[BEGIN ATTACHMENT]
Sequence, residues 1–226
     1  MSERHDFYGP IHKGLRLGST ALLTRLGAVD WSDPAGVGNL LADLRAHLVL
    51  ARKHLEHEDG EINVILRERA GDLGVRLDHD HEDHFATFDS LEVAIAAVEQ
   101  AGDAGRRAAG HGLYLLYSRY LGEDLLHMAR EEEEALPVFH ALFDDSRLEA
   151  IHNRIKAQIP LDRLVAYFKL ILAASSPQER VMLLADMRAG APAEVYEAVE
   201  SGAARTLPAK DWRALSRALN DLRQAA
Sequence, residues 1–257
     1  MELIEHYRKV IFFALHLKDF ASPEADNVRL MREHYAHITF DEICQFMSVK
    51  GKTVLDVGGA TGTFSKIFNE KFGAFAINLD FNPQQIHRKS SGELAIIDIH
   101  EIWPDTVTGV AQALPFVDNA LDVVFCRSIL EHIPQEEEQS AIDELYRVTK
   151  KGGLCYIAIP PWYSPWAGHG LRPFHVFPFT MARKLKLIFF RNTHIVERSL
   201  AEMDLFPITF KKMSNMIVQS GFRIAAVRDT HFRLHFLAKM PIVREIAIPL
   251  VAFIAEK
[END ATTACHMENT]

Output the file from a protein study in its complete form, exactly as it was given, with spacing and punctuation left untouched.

Sequence, residues 1–226
     1  MSERHDFYGP IHKGLRLGST ALLTRLGAVD WSDPAGVGNL LADLRAHLVL
    51  ARKHLEHEDG EINVILRERA GDLGVRLDHD HEDHFATFDS LEVAIAAVEQ
   101  AGDAGRRAAG HGLYLLYSRY LGEDLLHMAR EEEEALPVFH ALFDDSRLEA
   151  IHNRIKAQIP LDRLVAYFKL ILAASSPQER VMLLADMRAG APAEVYEAVE
   201  SGAARTLPAK DWRALSRALN DLRQAA
Sequence, residues 1–257
     1  MELIEHYRKV IFFALHLKDF ASPEADNVRL MREHYAHITF DEICQFMSVK
    51  GKTVLDVGGA TGTFSKIFNE KFGAFAINLD FNPQQIHRKS SGELAIIDIH
   101  EIWPDTVTGV AQALPFVDNA LDVVFCRSIL EHIPQEEEQS AIDELYRVTK
   151  KGGLCYIAIP PWYSPWAGHG LRPFHVFPFT MARKLKLIFF RNTHIVERSL
   201  AEMDLFPITF KKMSNMIVQS GFRIAAVRDT HFRLHFLAKM PIVREIAIPL
   251  VAFIAEK